The Voice: The Minority Shareholder’s Perspective

Dov Solomon is an Associate Professor at the College of Law and Business, Ramat Gan Law School. This post is based on his recent article, The Voice: The Minority Shareholder’s Perspective, forthcoming in the Nevada Law Journal.

Minority shareholders tend not to participate in the decision-making process of public companies with a controlling shareholder, and their voice is rarely heard. Even when they disagree with how the company is being managed, they prefer to express this dissatisfaction through exit, i.e., by selling their shares, rather than by expressing their voice at a shareholder meeting. Contrary to the prevailing view, my article, The Voice: The Minority Shareholder’s Perspective, suggests that minority shareholder voice is important and desirable.

On the deontological level, this article asserts that shareholder voice has intrinsic value that is independent of any utility it may yield. Corporate democracy legitimizes the exercise of power by the public corporation’s insiders: the controlling shareholder, directors, and managers. Without the mechanisms of corporate democracy and, specifically, minority shareholder suffrage, the exercise of power and control by the public corporation’s insiders is stripped of its ideological foundation and, accordingly, its legitimacy. Indeed, the shareholder’s right to vote is the foundation upon which the public corporation is constructed and sustained. According to this approach, shareholder suffrage is a fundamental right and should therefore be granted special status and protection under corporate law.

On the utilitarian level, this article examines the influence of minority shareholder involvement in a corporation’s decision-making process on aggregate welfare, and argues that shareholder suffrage is efficient and contributes to the development of financial markets. Shareholder’s right to vote ensures that directors and officers are held accountable for their actions. Accountability lowers agency costs, since the threat of replacement pressures directors and officers to align their interests with those of the shareholders. This alignment of interests ultimately leads to greater efficiency and increases financial returns, as it serves to neutralize insiders’ ex-ante incentive to self-deal or expropriate funds. Furthermore, active involvement of minority shareholders in a firm’s decision-making process improves the quality of the protection of the investment community as a whole, which boosts public trust in the stock market and, consequently, increases investors’ willingness to invest in corporations. This, in turn, supports the development of capital markets as well as expands the pool of financial resources available for production and growth.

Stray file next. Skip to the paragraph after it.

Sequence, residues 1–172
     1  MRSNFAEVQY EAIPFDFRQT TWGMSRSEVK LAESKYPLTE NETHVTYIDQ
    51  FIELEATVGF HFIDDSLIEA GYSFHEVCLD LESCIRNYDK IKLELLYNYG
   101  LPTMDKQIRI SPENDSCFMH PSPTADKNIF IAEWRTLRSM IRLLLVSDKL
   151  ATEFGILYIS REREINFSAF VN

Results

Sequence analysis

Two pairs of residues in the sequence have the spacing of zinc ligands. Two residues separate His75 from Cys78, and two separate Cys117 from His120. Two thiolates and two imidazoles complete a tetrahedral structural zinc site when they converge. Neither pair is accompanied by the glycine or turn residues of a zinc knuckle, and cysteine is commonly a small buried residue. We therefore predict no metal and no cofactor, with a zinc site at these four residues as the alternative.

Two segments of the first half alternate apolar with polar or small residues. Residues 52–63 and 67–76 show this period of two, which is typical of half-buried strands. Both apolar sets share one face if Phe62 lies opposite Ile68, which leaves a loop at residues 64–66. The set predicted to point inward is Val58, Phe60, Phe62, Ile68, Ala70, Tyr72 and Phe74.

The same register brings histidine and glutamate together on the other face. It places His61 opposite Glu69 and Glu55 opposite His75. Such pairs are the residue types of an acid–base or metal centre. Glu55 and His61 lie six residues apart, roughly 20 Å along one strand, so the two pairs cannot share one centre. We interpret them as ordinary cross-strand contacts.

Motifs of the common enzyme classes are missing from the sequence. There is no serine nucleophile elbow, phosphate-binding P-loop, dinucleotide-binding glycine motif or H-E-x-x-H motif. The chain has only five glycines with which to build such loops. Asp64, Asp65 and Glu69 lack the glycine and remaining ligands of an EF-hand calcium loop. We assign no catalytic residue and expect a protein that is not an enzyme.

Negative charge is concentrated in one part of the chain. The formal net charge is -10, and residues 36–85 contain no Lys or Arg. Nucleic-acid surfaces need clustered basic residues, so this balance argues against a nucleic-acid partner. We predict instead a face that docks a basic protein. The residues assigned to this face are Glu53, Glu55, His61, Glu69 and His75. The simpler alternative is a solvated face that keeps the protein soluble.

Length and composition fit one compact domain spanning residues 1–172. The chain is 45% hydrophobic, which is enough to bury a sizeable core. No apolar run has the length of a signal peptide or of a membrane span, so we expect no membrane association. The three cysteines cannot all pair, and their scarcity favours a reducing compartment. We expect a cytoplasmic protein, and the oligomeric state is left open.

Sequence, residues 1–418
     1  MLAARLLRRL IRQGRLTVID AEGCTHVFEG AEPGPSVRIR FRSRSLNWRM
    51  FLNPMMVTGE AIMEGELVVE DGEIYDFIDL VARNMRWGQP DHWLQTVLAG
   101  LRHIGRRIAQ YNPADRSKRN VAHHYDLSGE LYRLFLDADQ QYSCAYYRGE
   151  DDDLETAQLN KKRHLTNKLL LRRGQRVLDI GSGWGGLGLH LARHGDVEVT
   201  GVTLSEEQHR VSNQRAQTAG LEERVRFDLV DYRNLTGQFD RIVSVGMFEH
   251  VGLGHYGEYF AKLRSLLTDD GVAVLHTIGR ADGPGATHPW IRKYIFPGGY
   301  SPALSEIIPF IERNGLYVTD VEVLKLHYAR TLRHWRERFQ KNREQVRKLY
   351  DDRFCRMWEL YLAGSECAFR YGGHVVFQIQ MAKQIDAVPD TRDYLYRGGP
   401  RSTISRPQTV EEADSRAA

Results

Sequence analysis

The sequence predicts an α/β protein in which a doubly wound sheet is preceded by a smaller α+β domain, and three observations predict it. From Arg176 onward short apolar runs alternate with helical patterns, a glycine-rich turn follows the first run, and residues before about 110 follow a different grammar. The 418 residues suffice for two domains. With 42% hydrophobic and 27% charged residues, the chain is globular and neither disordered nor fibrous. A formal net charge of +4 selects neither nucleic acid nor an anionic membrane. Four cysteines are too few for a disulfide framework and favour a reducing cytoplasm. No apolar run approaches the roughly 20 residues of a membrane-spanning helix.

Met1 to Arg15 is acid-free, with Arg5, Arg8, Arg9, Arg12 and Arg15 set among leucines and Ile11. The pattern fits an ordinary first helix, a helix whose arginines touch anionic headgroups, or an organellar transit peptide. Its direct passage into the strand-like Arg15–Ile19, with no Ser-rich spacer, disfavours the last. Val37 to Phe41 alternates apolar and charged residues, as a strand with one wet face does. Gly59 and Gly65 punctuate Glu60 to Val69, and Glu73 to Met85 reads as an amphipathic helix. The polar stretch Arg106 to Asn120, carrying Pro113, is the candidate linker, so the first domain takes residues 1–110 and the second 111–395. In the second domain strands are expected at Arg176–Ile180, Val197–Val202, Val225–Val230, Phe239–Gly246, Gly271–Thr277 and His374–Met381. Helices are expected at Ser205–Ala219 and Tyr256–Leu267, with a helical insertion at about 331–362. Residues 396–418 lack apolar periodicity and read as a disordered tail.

However, corporate democracy has many detractors, who claim that the shareholder’s right to vote is an evil and not inevitably a necessary one. This article challenges three arguments commonly made for restricting shareholder suffrage, showing that they are neither theoretically convincing nor supported by the empirical research. First, advocates of the contractual approach to corporate law, who view the public corporation as a “nexus of contracts,” might be willing to do away with all constraints and mandatory rules that limit the ability of managers and shareholders to shape their legal relationship. From this perspective, voting rights are a mere matter of private contract between the corporation and its investors. The contractual approach to corporate law is not flawless, however. This article analyzes both theoretical and practical difficulties in using the contractual approach to limit shareholder suffrage.